What are Washington's laws on child support payments?

Understanding Washington State's Child Support Laws

In the state of Washington, child support is a legal obligation mandated by state law to ensure that the financial needs of a child are met when their parents are no longer together. Child support payments are determined by a set of guidelines that take into account the income of both parents, the number of children, and the amount of time the child spends with each parent.

How Is Child Support Calculated in Washington?

Washington uses a standard calculation model, primarily based on the Washington State Child Support Schedule. The formula considers both parents' net incomes and allocates the financial responsibility proportionally. The state also recognizes that supporting a child involves more than just day-to-day living expenses, so additional costs like healthcare, education, and childcare are also factored into support orders.

Modification and Enforcement of Child Support

Life circumstances change, and as such, child support orders may need to be modified. In Washington, either parent can request a review and modification of the child support order if there has been a substantial change in circumstances. Enforcement of these orders is taken seriously, and failure to comply can result in wage garnishment, suspension of licenses, or even legal penalties.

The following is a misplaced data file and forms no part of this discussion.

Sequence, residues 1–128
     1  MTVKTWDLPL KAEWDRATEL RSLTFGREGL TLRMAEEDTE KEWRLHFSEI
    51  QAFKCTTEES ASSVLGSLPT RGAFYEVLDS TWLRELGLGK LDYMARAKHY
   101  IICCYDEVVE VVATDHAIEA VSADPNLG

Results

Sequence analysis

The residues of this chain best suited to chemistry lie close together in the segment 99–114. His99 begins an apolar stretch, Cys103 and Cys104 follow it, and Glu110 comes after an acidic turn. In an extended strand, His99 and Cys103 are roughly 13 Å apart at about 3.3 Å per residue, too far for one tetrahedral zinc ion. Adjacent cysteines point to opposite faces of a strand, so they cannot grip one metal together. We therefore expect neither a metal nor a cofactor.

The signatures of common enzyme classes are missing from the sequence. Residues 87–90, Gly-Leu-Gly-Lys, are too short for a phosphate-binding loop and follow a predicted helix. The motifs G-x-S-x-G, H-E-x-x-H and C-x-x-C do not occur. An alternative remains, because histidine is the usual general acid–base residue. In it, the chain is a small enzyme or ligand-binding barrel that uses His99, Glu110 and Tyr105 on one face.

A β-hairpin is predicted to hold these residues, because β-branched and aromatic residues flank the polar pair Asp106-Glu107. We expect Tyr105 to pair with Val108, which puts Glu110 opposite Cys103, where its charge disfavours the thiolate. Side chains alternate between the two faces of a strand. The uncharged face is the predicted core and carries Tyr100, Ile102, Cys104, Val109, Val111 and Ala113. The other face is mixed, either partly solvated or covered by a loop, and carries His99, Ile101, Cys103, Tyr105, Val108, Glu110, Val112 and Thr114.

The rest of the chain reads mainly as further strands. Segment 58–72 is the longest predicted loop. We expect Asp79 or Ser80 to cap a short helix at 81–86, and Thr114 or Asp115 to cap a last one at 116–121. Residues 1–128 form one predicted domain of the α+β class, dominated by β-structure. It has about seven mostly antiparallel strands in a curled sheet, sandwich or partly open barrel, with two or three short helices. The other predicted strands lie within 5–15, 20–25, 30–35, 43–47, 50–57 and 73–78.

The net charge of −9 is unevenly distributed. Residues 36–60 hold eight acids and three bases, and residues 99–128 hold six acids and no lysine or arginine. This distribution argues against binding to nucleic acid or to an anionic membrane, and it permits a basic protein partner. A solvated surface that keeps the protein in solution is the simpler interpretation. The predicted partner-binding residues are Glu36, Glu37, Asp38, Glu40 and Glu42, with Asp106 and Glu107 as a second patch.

Non-Payment and Legal Consequences

Historically, non-payment of child support has been a significant issue across the United States. To combat this, Washington has implemented strict enforcement measures. For example, in a landmark case in 2002, the Division of Child Support within the Department of Social and Health Services pursued delinquent parents more aggressively, leading to increased collections. This reflects the state's commitment to protecting children's welfare through rigorous enforcement of support payments.


Washington's laws on child support payments embody an effort to ensure that children receive adequate financial support from both parents. These laws are designed to adapt to changing family dynamics while upholding the interests and well-being of children as a top priority.